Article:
- To make the filling, blitz the seeds in a food processor until they make a rubble, with some larger chunks left. Mix in the spices and zest.
- To assemble, add in layers of filo, brushed liberally with olive oil. Then add the filling and smooth until flat. Keep adding layers of filo brushed with oil until you’re out of pastry. I used about 10 layers on the bottom and 8 on the top. Score the baklava into diamonds all the way through each layer.
- Bake for about an hour, until the top is golden and crisp.
- While the baklava is in the oven make the syrup. Combine all the syrup ingredients in a pan and bring to the boil, then simmer for 10 mins. Once the baklava comes out of the oven, pour the syrup down the cracks and leave to absorb.
For me, January is not a month of giving things up. Resolutions have never really appealed, and denying myself is not my style. However, the though of trying Veganuary, where you eat vegan for January, has been ticking over in my mind for a while. I’m keen to try and reduce my environmental impact, and alongside other ethical shopping habits, veganism seems like a good way to do that, .
We’re so close now. Christmas is here and so are the last stages of gift buying and wrapping. For the last few years I’ve made various edible gifts, and the best ones now come back annually. Candied clementine slices dipped in chocolate are a must, and always disappear before new year. This year in particular I’m trying to cut down on unnecessary presents, and only give things that will last or be loved, even if that’s just something small.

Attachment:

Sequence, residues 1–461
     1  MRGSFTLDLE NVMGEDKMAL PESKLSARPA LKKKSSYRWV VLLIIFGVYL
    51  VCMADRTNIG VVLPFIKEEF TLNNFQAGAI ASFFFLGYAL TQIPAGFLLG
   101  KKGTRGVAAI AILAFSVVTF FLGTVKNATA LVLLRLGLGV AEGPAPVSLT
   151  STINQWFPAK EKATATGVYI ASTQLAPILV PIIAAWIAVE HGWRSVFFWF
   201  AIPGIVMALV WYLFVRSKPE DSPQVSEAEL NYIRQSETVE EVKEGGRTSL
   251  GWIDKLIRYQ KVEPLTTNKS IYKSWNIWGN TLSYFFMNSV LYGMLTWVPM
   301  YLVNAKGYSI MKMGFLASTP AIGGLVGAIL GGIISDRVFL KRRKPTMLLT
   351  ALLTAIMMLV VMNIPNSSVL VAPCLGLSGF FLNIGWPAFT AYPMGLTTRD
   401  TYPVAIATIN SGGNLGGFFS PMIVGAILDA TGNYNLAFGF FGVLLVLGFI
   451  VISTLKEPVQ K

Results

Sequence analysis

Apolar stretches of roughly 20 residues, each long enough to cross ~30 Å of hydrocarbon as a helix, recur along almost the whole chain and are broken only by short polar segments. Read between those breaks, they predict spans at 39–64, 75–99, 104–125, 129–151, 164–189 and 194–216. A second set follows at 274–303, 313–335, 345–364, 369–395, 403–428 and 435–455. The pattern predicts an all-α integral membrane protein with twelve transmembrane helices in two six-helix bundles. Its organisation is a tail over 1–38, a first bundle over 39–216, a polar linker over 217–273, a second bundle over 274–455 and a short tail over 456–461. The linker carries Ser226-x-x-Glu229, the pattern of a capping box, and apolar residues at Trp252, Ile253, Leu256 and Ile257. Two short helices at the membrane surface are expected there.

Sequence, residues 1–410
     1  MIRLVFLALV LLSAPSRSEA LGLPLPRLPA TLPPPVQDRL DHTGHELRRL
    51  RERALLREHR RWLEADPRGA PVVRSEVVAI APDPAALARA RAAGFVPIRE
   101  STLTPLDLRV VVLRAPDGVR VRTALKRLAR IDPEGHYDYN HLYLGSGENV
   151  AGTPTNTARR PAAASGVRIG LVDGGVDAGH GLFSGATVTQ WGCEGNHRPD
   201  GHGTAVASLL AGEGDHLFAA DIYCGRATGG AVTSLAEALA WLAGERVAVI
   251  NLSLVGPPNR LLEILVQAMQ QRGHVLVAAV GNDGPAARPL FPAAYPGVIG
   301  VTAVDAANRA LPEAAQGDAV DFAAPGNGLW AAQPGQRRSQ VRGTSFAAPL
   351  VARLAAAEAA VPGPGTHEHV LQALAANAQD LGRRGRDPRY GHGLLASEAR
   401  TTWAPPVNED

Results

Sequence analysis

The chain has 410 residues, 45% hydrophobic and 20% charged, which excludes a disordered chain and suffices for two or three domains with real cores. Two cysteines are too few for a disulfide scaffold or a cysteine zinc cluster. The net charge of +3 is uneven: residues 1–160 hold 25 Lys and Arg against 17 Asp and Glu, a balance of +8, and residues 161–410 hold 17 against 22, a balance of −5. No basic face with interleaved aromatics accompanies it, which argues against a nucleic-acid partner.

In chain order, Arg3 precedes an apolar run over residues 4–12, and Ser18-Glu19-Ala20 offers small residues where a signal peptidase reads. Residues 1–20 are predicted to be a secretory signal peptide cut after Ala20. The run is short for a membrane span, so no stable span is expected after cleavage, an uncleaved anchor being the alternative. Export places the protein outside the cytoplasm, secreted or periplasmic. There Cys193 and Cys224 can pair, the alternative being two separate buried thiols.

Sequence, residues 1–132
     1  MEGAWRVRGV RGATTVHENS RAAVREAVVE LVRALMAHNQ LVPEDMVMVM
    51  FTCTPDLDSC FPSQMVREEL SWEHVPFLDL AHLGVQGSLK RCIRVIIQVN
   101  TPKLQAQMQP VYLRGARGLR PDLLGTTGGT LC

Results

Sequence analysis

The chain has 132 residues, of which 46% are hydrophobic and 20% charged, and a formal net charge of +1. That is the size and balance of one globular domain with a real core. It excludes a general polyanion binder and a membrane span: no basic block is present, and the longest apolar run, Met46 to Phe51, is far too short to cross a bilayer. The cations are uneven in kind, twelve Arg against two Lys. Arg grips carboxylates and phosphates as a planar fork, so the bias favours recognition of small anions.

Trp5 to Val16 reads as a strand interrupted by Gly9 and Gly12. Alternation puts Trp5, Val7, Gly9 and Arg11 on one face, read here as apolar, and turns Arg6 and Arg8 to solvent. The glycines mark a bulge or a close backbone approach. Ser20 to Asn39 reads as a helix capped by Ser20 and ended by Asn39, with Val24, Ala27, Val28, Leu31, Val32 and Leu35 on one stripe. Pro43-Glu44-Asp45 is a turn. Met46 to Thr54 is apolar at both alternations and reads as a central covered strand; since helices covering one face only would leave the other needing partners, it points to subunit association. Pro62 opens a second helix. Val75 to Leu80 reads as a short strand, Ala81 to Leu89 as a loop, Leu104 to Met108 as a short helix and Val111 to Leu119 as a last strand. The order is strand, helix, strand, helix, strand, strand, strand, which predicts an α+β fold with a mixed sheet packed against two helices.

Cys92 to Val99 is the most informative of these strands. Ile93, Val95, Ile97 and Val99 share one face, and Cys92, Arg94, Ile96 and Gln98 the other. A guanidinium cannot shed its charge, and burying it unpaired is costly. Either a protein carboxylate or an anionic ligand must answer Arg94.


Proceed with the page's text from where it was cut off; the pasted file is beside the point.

Veganism is something I’ve had an interest in for a while, but just isn’t practical alongside an allergy to nuts and coconut. The best I’ve managed is four days before I had to give up. Although I can’t commit to it as a lifestyle, I still have an interest in vegan baking, and substitutions in general. Who doesn’t like making tasty treats as many people as possible can enjoy?
One ingredient that has been particularly intriguing me is aquafaba. Aquafaba is the liquid from a can of chickpeas or beans, and has properties similar to egg whites, which make it great for vegan and egg-free recipes. It whisks to stiff peaks and also has bonding qualities, thanks to the combination of carbohydrates and proteins it contains. A common use is meringues, which I’ve attempted and failed beofre, but I wanted to get back of the aquafaba train. I’ve joined an aquafaba recipe Facebook group and been getting daily recipe inspiration. I decided that this ice cream recipe would be a good place to restart my aquafaba journey.
One of the most frustrating things about having a nut allergy is severe fear of missing out (FOMO).
There are so many foods that look bloody delicious but I’ll never be able to try. I just know if I could eat them I’d be such a nut enthusiast! So I fantasize about macarons, frangipane tarts, nut butters and other delicious (I’m assuming!) nutty goodies and then plot to create my own nut-free versions.